In John Paul’s discussion of marriage as an indissoluble union between created man and woman, there are several points which I feel need to be made—the first of which entails the creation of man as uniquely “human” with masculine and feminine qualities, the second which proceeds to draw conclusions on the role of “man” and “woman” in their dual creation.
Following in the understanding Saussure’s theory of opposition and relativity (in which any one thing can only be defined by what it is not, or by how it differs from other things), it is important to recognize the difference between man’s understanding of himself as a uniquely unsexed human and the understanding of man as he who is not woman. Before the creation of woman, man knew no other definition or existence that would lead him to expand his own understanding of himself beyond the comparison with the creatures of the world God creates (I use the pronoun “he”, but mean it to refer to man without gender).
Contrarily, the human person, born in the original condition of creation with qualities both masculine and feminine, takes on a different understanding of him/herself when woman is made from man. As John Paul understands this reading, the act of “cleaving to her husband/his wife” is a reinstitution of God’s creation; it relives the original union that was man without sexual identification. He explains further:
“These are, as it were, two ‘incarnations’ of the same metaphysical solitude before God and the world. They are two ways of ‘being a body’ and at the same time a man, which complete each other. They are two complementary dimensions of self-consciousness and self-determination and, at the same time, two complementary ways of being conscious of the meaning of the body.”
He says also:
“The unity of which Genesis speaks—’they become one flesh’—is undoubtedly expressed and realized in the conjugal act….which permits them to rediscover the the mystery of creation.”
First, homosexuality does not stand in conflict with the complementarity that John Paul introduces in the former paragraph. While the creation story recognizes woman made from man, and their union remembers their unique existence as a single creation before woman was made from man, it is equally reasonable to affirm the complementarity of homosexual men and women as complements of the personhood of man, wherein masculine and feminine are ever extant regardless of physical sex and sexuality. If it is the revisitation of the original existence that the unity of man and woman allows (and I fully agree), then so too does the unity of two males, seeing each other as that unique being which in the first instance of creation needed no companion, but was self-sufficient. For in homosexuality, the realization of oneness of self does not occur through the physical complementarity of sexes, but rather, of the affirmation of a likewise unique creation of the same sex that within each individual is the complement of masculine and feminine. This brings us, perhaps, closer to the innocence of our original creation. For though homosexuals love those of the same sex, it reveals to us a love of a complete person, rather than an understanding of the gendered human being as lacking.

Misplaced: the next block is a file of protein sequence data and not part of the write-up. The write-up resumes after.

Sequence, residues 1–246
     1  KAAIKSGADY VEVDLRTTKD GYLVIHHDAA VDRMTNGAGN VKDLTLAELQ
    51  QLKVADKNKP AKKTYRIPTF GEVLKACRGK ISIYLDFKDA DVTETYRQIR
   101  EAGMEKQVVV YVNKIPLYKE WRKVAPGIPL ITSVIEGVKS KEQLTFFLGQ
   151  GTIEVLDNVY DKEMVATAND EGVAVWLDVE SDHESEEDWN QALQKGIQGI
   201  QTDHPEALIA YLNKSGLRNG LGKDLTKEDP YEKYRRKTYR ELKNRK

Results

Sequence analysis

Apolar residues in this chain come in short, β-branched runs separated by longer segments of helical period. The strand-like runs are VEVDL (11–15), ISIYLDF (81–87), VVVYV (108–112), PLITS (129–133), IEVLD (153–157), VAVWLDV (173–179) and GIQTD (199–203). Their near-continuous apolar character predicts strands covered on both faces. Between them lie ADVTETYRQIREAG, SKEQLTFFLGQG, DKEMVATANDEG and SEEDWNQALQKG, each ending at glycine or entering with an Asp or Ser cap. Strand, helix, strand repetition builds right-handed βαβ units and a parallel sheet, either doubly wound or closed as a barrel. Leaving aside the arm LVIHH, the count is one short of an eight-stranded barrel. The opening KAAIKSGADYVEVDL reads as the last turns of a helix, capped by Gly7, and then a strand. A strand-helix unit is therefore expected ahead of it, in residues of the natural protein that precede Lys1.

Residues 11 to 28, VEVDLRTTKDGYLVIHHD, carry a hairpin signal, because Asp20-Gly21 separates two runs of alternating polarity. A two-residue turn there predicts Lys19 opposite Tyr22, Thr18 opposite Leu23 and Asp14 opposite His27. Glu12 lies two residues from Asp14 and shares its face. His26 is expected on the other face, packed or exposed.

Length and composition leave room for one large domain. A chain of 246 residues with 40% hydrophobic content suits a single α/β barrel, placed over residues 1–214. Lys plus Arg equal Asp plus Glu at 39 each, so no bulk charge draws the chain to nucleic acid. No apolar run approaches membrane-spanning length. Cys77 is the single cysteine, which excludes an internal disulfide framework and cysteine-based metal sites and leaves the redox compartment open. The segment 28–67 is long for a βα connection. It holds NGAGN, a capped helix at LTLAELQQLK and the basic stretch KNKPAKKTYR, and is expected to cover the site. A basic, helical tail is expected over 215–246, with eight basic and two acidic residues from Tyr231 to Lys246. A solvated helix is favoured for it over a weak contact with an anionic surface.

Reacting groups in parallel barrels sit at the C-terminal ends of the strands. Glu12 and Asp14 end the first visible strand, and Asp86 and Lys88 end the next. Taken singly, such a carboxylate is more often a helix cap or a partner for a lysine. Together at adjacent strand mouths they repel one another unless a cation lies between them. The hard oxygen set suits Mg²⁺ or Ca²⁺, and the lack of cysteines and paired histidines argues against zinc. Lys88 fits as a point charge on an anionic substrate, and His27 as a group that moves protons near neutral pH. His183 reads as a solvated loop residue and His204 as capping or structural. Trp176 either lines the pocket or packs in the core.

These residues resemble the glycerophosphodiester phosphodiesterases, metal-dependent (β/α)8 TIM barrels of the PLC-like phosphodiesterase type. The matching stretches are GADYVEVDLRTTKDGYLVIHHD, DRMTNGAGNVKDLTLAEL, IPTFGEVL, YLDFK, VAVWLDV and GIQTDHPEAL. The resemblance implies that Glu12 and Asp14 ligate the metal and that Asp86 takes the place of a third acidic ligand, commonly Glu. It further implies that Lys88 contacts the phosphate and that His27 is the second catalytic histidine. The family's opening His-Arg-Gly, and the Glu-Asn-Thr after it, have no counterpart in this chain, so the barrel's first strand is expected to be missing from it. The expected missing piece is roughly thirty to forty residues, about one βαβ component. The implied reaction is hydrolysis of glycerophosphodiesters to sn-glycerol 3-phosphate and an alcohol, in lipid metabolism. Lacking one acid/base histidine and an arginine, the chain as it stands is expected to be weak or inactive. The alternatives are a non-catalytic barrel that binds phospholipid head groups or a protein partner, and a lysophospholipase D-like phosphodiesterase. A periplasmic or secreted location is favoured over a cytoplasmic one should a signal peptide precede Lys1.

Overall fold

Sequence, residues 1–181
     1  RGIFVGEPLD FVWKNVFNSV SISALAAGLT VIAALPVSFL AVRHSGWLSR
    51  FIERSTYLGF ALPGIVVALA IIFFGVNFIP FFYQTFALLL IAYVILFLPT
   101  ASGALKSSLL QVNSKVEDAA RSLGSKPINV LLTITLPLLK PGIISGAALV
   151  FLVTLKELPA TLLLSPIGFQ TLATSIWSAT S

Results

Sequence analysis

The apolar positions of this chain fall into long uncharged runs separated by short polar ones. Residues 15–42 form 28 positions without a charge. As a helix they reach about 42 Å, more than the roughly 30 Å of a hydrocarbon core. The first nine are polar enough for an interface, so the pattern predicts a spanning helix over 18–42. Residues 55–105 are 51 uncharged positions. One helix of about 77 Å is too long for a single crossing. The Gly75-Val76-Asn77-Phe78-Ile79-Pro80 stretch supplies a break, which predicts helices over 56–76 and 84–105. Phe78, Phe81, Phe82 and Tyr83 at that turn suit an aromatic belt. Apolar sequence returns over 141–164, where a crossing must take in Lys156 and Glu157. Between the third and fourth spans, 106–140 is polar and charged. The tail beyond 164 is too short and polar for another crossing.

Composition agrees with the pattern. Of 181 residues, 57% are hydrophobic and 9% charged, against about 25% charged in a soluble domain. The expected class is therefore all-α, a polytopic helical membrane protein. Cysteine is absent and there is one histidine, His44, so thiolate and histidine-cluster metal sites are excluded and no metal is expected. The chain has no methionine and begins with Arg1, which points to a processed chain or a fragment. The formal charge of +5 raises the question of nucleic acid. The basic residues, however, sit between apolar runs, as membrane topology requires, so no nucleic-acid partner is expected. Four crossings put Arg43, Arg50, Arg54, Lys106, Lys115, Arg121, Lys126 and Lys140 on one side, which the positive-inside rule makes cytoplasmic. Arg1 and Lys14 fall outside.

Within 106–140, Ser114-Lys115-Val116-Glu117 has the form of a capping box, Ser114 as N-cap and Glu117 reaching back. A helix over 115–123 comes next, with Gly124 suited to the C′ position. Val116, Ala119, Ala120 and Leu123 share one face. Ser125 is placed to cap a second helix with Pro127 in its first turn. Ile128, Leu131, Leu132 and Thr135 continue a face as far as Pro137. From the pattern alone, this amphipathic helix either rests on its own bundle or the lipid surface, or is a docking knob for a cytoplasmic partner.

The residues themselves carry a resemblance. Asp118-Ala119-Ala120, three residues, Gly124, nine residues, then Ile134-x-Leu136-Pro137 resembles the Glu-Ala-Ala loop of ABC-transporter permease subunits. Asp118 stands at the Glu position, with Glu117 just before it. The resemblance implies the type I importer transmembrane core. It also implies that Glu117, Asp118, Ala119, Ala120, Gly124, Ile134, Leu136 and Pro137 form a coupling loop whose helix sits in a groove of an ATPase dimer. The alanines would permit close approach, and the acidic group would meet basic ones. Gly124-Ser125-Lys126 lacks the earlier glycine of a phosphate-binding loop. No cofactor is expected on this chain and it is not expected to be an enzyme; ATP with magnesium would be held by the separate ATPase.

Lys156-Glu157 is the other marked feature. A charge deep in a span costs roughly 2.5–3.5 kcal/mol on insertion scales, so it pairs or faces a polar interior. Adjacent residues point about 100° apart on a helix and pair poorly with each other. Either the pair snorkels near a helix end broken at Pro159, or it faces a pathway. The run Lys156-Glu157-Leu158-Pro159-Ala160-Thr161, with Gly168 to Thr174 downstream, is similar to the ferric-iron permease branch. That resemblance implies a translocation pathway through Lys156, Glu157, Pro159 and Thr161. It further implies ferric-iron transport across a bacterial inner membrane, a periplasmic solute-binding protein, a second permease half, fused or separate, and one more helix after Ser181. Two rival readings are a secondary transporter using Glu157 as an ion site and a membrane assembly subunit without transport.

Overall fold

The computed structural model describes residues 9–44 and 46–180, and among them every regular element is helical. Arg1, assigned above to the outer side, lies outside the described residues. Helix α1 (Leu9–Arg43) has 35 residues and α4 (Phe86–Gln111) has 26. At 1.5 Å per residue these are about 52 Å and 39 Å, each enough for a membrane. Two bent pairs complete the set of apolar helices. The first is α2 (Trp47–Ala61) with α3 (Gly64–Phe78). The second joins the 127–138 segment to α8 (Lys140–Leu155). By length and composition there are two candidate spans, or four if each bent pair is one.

As for the role of fertility in the necessary union of man and woman, and its role in the realization of first creation innocence, the command for man and woman to procreate did not come in the context of self-understanding, nor in the return to an original innocence. In Genesis 1:28, God commands them: “Be fruitful and increase in number; fill the earth and subdue it.” Instead of procreation being a means of returning to the existence of man before man was relative to woman and vice-versa, it was the relishing and maintenance of creation in the manner of populating the world.
Furthermore, if the uniqueness of the original creation were of such import to man’s understanding of himself, why should God have created a companion for him to begin with? The answer is unknown, but leaves the purpose of procreation for returning to original innocence in question.